Safe supply or safer supply programs are meant to reduce drug overdose deaths by providing government-funded alternatives to potentially tainted illicit drugs. It usually means distributing hydromorphone, a pharmaceutical opioid, to mitigate the use of fentanyl encountered on the street, etc…

The RCMP investigation confirms fears of some who are opposed to safe supply as a way to curb spiking opiate addiction and drug-related deaths.

A similar divergence from the safe supply system was also uncovered by an RCMP investigation in Campbell River, B.C., in February. In that case, police seized two kilograms of fentanyl, a kilogram each of cocaine and methamphetamine, and more than 3,500 hydromorphone pills.
Never once has anyone ever claimed the Homeless Addiction Industrial Complex was on the up n up.
 
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Taxslave2

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What could go wrong? Thousands of opiate pills obtained by prescription through a “safe supply” harm reduction program have been seized by police in Prince George, B.C., after they were found to have been diverted to organized crime groups reselling them across Canada, the RCMP said.

“Organized crime groups are actively involved in the redistribution of safe supply and prescription drugs,” said Corp. Jennifer Cooper of the RCMP’s Prince George detachment.

“Many of the pills that were seized had been prescribed to specific individuals but were found all collected together, no longer belonging to those individuals,” she added. “It might mean how we regulate our safe supply might need a “sober” second glance.”
An investigation seized more than 10,000 pills, including gabapentin, hydromorphone, codeine and dextroamphetamine, police said. In addition to prescription drugs, investigators also found large quantities of suspected fentanyl, cocaine and methamphetamine.
View attachment 21374
Where could that have come from??? Hmm…A second investigation uncovered more than two kilograms of suspected cocaine and methamphetamine as well as cash and thousands of additional prescription pills, including oxycodone, morphine and hydromorphone.

The pills of morphine and hydromorphone, both pharmaceutical opioids, were originally safe supply prescription drugs, Cooper said.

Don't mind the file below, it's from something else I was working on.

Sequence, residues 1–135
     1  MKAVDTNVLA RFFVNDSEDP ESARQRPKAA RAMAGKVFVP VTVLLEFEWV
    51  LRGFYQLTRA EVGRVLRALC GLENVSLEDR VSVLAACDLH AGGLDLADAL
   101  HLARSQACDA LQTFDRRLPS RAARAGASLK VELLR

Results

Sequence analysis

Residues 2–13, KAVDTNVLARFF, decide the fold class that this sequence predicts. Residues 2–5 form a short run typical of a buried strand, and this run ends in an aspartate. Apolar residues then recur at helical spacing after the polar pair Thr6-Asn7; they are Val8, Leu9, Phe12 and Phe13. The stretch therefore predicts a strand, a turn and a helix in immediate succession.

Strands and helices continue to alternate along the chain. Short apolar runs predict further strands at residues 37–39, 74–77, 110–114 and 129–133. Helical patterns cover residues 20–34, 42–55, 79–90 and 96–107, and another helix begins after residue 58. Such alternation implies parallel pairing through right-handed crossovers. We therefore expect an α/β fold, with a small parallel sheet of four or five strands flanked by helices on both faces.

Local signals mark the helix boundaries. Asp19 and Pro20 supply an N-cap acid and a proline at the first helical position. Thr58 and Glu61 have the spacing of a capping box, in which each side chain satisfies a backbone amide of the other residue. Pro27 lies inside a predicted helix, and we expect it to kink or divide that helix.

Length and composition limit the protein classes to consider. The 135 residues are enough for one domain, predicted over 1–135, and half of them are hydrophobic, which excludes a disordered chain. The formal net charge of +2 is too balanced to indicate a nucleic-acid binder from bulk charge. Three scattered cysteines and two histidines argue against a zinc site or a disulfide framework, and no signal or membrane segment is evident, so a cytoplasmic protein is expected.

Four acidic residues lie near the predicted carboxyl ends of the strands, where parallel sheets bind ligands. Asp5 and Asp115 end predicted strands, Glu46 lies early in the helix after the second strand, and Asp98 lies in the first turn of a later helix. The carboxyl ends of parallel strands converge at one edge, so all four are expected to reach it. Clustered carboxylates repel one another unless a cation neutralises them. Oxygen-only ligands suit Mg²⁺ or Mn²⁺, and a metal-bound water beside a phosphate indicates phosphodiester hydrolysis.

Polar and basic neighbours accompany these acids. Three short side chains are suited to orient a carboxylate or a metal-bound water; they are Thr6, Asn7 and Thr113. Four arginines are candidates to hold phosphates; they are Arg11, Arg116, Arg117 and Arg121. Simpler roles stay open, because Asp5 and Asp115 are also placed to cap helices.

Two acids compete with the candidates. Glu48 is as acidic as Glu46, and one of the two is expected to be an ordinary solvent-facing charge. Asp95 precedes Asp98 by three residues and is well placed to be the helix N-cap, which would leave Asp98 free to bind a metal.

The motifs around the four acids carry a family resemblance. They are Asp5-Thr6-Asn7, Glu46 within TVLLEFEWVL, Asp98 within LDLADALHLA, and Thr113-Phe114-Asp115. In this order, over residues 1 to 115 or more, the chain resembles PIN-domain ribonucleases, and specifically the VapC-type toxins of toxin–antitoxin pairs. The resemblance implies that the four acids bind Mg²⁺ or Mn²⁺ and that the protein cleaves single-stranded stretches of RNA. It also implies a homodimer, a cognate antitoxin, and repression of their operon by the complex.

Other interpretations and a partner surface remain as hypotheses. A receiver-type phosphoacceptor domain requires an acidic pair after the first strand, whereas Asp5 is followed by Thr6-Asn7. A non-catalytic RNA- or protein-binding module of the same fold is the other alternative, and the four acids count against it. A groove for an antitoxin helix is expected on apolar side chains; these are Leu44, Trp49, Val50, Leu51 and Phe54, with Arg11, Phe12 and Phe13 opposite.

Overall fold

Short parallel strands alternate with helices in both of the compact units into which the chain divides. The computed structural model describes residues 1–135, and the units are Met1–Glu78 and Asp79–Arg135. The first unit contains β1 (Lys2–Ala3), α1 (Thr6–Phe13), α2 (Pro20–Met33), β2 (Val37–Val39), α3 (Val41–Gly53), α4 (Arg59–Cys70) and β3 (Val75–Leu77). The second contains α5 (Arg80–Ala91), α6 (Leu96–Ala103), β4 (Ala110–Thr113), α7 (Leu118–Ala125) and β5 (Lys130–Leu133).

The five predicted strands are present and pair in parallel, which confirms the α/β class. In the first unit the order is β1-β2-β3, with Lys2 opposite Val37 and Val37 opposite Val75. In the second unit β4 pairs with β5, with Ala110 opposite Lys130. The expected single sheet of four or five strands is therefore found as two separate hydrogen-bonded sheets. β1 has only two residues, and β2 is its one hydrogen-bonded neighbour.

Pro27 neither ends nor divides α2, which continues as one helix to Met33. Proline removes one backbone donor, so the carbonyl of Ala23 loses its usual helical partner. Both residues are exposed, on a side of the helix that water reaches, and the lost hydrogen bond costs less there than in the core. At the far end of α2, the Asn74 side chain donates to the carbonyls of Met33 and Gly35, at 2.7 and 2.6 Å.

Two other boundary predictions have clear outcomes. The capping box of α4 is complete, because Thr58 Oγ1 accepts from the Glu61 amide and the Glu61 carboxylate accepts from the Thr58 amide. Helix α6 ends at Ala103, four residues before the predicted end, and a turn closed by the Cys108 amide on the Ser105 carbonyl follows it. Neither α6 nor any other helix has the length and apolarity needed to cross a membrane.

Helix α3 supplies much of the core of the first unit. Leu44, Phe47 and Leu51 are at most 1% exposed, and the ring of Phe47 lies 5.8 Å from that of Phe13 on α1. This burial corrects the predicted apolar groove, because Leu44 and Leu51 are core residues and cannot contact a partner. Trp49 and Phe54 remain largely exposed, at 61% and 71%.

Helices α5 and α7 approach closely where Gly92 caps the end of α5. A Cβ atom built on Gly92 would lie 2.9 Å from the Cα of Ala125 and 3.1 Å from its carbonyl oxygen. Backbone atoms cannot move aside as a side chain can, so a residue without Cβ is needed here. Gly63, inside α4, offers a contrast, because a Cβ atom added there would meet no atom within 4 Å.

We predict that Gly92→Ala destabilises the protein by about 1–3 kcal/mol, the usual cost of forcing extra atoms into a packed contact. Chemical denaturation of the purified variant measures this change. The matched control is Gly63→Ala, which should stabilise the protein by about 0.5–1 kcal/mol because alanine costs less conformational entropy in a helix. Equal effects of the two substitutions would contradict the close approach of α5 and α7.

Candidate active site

Safe supply or safer supply programs are meant to reduce drug overdose deaths by providing government-funded alternatives to potentially tainted illicit drugs. It usually means distributing hydromorphone, a pharmaceutical opioid, to mitigate the use of fentanyl encountered on the street, etc…

The RCMP investigation confirms fears of some who are opposed to safe supply as a way to curb spiking opiate addiction and drug-related deaths.

A similar divergence from the safe supply system was also uncovered by an RCMP investigation in Campbell River, B.C., in February. In that case, police seized two kilograms of fentanyl, a kilogram each of cocaine and methamphetamine, and more than 3,500 hydromorphone pills.
Nobody in BC uses plastic straws to snort coke. $100 bills are the preferred method.
 

Tecumsehsbones

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What could go wrong? Thousands of opiate pills obtained by prescription through a “safe supply” harm reduction program have been seized by police in Prince George, B.C., after they were found to have been diverted to organized crime groups reselling them across Canada, the RCMP said.

“Organized crime groups are actively involved in the redistribution of safe supply and prescription drugs,” said Corp. Jennifer Cooper of the RCMP’s Prince George detachment.

“Many of the pills that were seized had been prescribed to specific individuals but were found all collected together, no longer belonging to those individuals,” she added. “It might mean how we regulate our safe supply might need a “sober” second glance.”